Useless Is Hardley Naive About Human Trafficking
Pigs shriek. We hear the squealing herds of swine as they face the knife — part of a massive culling to control the spread of a virus. These earsplitting, nerve-jangling sounds recur in the more introspective moments of Useless, Saviana Stanescu's new play about human trafficking. They're hallucinations, expressing the terror felt by Omy (Andy Phelan), a mentally impaired young man who has been ferried from his (unspecified) native country to a gritty corner of New Jersey.
Now, in a safe house under the watch of Kora (Ana Grosse) and Chris (Steven Rishard), Omy — dispatched by his impoverished family of pig farmers — is about to be carved up himself. Someone's paid top dollar for this migrant's kidney — and criminal minders stand to make a lot on their cargo. "It's called the food chain, baby," Chris says, cutting into his pork-cutlet dinner.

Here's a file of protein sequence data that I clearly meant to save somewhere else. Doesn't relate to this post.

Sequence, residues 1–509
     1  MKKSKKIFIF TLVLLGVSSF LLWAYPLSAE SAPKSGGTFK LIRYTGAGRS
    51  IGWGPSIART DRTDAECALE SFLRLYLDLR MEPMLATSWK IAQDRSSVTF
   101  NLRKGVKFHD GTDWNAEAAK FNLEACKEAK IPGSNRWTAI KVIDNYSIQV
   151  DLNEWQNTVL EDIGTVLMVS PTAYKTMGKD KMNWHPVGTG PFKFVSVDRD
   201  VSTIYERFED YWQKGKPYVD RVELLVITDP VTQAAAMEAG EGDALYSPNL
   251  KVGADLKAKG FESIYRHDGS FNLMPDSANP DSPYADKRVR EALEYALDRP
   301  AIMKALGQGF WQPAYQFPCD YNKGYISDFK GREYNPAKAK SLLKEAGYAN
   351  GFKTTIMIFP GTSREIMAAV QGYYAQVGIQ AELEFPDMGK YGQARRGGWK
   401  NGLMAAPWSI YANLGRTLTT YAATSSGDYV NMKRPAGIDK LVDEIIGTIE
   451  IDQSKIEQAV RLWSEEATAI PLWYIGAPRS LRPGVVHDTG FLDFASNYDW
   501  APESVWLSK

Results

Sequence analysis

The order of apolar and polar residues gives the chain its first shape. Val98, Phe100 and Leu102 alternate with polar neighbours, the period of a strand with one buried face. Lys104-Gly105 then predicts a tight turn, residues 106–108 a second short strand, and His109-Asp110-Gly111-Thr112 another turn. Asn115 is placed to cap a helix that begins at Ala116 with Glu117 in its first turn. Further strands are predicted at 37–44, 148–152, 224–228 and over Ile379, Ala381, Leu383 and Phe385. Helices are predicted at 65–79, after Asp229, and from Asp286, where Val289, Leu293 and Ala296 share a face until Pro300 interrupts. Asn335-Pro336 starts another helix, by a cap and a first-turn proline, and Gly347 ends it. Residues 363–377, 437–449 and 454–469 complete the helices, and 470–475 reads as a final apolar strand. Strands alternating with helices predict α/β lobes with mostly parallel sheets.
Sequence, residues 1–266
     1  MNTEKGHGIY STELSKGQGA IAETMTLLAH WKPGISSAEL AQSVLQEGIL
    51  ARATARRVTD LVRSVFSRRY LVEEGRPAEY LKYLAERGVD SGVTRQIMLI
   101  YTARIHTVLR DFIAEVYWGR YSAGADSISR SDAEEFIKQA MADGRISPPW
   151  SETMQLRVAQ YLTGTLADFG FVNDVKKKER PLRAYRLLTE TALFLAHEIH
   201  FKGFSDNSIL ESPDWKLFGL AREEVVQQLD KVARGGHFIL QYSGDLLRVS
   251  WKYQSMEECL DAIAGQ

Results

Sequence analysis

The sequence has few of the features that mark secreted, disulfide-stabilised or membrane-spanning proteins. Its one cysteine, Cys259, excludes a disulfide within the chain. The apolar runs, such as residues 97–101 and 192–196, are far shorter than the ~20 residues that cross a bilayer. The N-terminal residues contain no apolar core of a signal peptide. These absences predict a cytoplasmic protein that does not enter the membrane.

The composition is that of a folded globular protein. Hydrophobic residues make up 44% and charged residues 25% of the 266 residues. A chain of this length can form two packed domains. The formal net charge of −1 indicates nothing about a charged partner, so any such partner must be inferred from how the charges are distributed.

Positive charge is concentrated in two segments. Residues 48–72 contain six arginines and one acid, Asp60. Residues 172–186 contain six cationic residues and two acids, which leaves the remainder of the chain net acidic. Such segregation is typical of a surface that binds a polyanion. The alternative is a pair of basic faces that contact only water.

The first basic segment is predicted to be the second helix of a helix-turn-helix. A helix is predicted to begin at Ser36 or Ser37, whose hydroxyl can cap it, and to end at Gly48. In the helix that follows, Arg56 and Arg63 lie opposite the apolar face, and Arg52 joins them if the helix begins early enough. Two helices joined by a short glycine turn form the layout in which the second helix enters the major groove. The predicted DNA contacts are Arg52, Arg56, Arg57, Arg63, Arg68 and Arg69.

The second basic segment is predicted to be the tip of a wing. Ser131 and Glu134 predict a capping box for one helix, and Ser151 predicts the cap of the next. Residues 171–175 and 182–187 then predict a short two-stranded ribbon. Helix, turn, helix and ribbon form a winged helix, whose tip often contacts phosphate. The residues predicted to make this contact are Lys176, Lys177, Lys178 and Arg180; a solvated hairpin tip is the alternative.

In those exhilarating porcine moments, Useless threatens to become a much darker drama than ultimately ensues. Stanescu's plays often touch on the bewilderment of characters caught between cultures and homelands, and Useless is hardly naive about trafficking. We learn, for instance, that Kora was herself forced into brutal prostitution, later marrying one of her keepers. Although her exposition-encumbered drama emphasizes hope, Stanescu's disturbing prophecies are far more believable. "They killed all the pigs," Omy says during his shudder-inducing dream, "and now some of us must replace them — like a human farm."
By Saviana Stanescu
154 Christopher Street
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